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1950s during one of those periods of decline in the coal industry, so we saw thousands of people from west virginia, eastern kentucky, western north carolina moved into the cities of the midwest and the eastern circuit board. all right. this was a phenomenon that continued through the 1950s and 1960s. what happened to these people when they got to the cities? and that is what 50id like to turn to now. this is a story published in the chicago public tribute. it depicts a neighborhood on the upper east side of chicago that had become associated with rural, southern, working class whites who had come in to the city to get jobs in factories, namely in the canning and food industry. front page.
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girl reporter. this is a serialized account so it stretches over several editions of the newspaper. so let's take a second to read it. i think this is particularly shocking. right. i think this is one of the most shocking sources that we've looked at all year. if you can take ak look, read it, and like we had with the last hand-out, if you'd take these questions into considerations maybe we'll talk about it as a group. there's so much questions in this. not about race, but -- let's start with an easy one. what status does the reporter and her people use to describe southern migrants? yeah.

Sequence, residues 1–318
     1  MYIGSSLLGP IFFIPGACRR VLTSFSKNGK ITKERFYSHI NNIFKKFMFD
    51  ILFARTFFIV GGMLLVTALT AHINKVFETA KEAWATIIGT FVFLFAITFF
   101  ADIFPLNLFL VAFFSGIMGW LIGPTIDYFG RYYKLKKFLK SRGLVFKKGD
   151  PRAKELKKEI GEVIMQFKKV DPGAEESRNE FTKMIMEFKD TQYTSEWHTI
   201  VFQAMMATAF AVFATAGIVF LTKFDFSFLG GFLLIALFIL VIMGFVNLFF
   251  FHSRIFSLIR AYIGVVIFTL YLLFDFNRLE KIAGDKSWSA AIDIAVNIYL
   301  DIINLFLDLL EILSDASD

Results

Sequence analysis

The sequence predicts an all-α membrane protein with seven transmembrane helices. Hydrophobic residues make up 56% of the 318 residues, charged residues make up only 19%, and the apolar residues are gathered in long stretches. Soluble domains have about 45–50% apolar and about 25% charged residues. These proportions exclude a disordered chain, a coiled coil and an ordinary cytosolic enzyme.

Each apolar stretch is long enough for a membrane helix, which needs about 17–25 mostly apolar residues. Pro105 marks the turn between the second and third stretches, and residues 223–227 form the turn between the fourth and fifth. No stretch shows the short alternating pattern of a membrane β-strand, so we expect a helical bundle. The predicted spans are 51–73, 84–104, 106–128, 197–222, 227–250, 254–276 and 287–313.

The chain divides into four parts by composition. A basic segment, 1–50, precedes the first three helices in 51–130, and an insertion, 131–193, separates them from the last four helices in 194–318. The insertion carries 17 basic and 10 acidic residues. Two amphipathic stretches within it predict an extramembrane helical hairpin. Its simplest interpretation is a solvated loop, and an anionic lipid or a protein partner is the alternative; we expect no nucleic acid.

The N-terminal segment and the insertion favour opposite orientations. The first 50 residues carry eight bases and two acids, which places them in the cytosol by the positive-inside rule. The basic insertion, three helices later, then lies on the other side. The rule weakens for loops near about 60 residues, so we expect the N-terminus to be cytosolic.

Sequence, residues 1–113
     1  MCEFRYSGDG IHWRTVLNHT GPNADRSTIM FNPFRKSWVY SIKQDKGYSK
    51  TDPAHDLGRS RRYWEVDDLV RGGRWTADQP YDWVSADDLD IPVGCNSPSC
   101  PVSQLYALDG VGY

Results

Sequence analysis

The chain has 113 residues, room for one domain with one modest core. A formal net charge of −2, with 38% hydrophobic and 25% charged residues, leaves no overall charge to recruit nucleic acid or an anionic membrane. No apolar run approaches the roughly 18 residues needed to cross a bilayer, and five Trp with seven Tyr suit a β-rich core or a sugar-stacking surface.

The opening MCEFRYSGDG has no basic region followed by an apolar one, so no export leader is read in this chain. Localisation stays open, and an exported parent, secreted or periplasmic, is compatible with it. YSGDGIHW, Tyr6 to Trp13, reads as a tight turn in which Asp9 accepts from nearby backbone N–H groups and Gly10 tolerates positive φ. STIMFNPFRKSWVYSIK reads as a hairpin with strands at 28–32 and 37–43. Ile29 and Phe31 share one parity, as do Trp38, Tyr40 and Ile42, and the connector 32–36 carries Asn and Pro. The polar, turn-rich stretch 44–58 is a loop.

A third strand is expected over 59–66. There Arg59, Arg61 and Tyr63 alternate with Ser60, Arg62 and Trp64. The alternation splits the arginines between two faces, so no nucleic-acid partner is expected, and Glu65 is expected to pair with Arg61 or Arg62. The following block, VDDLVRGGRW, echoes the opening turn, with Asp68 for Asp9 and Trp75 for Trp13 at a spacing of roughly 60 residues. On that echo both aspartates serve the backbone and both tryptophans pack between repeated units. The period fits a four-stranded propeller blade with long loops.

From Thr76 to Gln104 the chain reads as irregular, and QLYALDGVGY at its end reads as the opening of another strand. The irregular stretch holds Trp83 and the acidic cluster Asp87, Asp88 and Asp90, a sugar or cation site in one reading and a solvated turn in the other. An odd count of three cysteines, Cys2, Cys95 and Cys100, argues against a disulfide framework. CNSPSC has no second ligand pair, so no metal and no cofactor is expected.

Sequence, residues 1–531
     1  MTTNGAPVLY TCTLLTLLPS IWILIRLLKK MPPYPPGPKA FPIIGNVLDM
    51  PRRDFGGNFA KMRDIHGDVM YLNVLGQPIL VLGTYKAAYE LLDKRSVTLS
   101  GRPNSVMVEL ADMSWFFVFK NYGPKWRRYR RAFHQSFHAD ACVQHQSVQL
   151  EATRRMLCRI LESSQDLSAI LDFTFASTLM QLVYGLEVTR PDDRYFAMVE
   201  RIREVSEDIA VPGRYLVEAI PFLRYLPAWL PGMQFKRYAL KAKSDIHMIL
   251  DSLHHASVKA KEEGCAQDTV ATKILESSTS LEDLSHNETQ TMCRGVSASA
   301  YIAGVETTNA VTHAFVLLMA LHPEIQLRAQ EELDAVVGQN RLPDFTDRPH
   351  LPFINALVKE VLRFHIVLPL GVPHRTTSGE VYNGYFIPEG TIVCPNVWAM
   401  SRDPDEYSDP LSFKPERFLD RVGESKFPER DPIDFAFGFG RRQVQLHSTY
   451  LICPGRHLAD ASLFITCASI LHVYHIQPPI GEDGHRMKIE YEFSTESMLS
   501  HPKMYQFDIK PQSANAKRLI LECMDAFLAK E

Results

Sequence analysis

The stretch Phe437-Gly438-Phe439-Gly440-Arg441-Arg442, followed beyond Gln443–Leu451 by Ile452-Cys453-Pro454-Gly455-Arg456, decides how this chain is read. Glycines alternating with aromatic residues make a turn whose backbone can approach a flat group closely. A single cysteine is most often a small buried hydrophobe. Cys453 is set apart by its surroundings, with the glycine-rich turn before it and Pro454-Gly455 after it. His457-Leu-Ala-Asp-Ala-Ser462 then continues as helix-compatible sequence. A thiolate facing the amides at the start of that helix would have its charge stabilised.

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>> my favorite one is the plague of locusts who have last year had the lowest standard of living immoral code if at all, the savage and vicious tactics when drunk, which is most of the time. they had this stereotype in mind when they entered the jungle of the hillbillies. >> right. >> and they weren't trying to find stories that would like help them disprove their i guess claims. so they were just -- they went in with a mind set and i guess they accomplished what they were trying to write. >> uh-huh. great. yeah. yeah. >> i mean, with that, nobody feet in the fire of what's going on. they're not making anything any better. in the other article before that was taking about trying to get out of it. they're just making it worse because more people are coming in to see -- i don't know. to see what's going on and it's just not -- they're not helping at all.